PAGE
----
The epic proportions of the tragedy of the country of China before, during and after the Second World War, is difficult to perceive in terms of sheer magnitude and scale. The cold statistic of 13 million casualties sustained during the war offers a semblance of the problems that confronted the nations ideologically diverse leaders after Japan’s capitulation.

Initially, the prominent role played by the Nationalists during the conflict seemed set to take China through the healing process and into a complicated future. However, such appearances were deceiving. Mao Zedong’s brand of people-centred communism ensured his hold over vast areas of northern China, while Chiang Kai-shek’s nationalist regime appeared bent on self-destruction as a miscellany of failures frustrated even his most loyal allies.

On 9 August 1945, just three days after ‘Little Boy’ incinerated Hiroshima and coinciding with the same terrible hours when a flight of B-29s delivered ‘Fat Man’ to Nagasaki, the Soviet Red Army sealed the Manchukuo’s (Manchuria) fate.

China’s government, the Kuomintang (KMT), being so reliant on American support, allowed 50,000 marines to deploy in Manchuria to help the Soviets disarm and repatriate the resident Japanese population. But an attempt at delivering US marines to the old imperial capital of Peiping and Qingdao was refused. As a further affront, the KMT were blocked from reclaiming Manchuria’s cities, which flew in the face of the Chiang Kai-shek’s regime’s Treaty of Friendship with the Soviet Union.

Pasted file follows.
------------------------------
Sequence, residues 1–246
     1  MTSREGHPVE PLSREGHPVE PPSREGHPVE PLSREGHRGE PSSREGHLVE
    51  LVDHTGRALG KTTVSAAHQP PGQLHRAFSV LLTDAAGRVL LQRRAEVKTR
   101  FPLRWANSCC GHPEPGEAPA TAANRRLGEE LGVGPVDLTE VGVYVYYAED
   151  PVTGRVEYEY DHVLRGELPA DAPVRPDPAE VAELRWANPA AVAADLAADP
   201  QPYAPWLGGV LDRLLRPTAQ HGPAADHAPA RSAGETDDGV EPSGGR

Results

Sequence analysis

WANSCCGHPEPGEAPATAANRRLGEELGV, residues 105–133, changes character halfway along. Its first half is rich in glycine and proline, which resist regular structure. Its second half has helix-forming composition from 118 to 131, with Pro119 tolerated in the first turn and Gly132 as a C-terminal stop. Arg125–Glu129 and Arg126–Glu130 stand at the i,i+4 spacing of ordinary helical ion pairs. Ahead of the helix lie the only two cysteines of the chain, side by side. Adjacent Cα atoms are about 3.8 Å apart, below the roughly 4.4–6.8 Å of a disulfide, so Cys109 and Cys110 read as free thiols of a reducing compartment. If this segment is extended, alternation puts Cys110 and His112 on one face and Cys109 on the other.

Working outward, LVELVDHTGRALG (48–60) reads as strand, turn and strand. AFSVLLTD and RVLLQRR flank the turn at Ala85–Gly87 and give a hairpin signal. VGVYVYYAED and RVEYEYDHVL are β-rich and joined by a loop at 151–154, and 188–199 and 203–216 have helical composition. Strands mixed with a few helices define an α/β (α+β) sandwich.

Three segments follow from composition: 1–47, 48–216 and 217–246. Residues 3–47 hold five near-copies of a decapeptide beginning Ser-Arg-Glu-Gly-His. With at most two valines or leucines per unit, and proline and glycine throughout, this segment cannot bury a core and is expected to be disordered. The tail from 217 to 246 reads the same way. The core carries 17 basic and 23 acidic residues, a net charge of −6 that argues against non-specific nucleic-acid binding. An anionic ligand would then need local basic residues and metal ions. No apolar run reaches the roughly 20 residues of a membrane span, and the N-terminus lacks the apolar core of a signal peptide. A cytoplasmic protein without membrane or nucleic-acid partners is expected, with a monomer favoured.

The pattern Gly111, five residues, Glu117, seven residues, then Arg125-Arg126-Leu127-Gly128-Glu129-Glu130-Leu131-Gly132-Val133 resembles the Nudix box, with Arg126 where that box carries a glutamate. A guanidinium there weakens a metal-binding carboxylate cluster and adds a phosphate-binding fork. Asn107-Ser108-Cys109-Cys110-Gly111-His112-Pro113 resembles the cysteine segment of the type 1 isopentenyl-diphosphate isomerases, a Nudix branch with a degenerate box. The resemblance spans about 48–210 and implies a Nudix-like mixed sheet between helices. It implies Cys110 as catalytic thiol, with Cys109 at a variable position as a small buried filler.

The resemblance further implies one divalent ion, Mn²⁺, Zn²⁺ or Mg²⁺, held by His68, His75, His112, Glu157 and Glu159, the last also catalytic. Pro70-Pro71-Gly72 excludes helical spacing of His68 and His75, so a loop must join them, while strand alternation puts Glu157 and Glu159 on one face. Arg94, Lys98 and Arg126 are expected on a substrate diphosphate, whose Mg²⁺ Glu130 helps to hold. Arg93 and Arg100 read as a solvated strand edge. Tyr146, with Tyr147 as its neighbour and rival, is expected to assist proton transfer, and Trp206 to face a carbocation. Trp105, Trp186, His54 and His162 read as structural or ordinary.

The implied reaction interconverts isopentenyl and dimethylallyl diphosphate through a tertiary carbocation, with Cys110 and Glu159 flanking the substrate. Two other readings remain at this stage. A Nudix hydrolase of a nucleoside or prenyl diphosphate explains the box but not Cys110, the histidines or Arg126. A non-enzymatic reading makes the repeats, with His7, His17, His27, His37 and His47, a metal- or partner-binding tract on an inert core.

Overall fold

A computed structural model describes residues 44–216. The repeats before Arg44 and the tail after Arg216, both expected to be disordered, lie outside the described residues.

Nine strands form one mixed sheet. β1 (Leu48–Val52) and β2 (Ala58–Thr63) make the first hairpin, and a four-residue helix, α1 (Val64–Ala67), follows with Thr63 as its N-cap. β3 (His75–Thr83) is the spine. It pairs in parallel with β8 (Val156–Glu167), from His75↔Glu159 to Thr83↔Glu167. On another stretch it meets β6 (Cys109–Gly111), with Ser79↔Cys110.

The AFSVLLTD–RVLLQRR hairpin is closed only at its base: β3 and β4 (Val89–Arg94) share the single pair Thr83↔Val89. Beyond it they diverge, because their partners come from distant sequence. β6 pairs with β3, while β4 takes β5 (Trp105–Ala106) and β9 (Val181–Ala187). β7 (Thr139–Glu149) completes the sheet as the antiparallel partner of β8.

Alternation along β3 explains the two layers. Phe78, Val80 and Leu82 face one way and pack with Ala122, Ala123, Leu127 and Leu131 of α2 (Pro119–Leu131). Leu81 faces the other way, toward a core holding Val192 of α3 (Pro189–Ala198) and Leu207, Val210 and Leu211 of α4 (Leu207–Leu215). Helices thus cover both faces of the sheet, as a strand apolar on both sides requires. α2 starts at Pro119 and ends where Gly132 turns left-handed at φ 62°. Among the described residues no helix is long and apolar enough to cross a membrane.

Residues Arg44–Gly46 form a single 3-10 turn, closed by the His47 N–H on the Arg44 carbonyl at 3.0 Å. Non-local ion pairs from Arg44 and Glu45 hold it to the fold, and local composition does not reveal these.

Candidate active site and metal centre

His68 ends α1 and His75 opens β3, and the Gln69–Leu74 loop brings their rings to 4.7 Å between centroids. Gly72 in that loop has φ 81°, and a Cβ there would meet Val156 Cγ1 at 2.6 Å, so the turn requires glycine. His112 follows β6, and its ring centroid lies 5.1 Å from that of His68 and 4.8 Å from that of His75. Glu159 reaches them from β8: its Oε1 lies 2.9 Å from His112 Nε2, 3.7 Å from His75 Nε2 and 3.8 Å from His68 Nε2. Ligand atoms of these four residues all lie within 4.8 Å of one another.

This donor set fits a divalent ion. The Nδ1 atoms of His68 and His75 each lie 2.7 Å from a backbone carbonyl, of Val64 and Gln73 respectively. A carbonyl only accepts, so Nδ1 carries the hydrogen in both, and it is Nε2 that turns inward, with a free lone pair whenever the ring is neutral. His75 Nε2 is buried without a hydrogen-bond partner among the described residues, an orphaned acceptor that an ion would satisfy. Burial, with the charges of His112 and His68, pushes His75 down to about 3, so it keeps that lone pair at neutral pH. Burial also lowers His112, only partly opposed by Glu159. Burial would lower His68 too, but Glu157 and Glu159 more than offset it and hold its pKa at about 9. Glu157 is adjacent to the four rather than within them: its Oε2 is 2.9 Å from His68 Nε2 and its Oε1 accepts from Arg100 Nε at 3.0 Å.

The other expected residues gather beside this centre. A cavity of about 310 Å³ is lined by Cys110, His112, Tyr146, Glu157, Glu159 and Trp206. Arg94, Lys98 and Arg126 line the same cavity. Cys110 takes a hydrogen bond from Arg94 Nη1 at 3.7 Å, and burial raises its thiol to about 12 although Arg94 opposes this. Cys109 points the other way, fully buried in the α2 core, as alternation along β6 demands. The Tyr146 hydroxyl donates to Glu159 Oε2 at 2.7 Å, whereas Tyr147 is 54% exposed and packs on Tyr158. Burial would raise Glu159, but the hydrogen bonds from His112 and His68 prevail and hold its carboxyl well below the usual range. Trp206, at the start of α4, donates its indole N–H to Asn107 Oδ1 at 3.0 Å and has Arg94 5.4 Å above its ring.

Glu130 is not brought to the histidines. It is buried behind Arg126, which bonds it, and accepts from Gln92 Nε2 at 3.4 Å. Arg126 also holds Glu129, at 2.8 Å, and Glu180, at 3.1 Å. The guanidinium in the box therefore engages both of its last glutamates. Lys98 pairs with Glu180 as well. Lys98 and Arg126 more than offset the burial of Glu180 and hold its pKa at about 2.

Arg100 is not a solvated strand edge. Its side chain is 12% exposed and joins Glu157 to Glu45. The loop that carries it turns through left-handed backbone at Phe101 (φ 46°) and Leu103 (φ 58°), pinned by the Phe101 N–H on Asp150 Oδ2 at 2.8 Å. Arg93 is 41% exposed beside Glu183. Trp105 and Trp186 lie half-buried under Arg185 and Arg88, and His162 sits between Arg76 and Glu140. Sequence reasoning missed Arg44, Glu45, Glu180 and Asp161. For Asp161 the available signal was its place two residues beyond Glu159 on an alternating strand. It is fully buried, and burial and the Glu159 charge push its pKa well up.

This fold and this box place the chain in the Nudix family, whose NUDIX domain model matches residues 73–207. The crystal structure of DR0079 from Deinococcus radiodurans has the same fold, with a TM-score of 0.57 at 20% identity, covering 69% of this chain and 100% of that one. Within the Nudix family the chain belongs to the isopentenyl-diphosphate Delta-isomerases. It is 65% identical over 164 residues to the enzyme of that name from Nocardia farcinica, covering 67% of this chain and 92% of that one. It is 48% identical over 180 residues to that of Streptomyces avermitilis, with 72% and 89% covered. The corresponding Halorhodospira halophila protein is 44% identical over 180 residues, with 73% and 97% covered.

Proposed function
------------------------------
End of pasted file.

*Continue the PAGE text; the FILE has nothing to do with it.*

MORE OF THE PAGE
Unknown to the Americans, the Chinese Communists spent months preparing for all-out war against the KMT. What in previous years had been a genuine peasant army that travelled by foot was, in the space of less than a year, flush with rifles and machine guns, tanks and artillery, and with a total strength of 1.3 million.

By 1947, the hopes for a permanent United Front had disappeared without a trace. With much of north and north-east China reeling from the just-concluded world war, both sides readied themselves for a final struggle. The stakes could not have been higher. Whatever China could aspire to become, as a unified country commanding the largest population on Earth, it had first to choose a course. Mao’s communists wanted perpetual revolution to replace the vestiges of the dynastic past. Chiang and the KMT, on the other hand, sought a place among the nations of the world.

The Rhodesian Soldier

Red China: Mao Crushes Chiang’s Kuomintang, 1949

Gerry van Tonder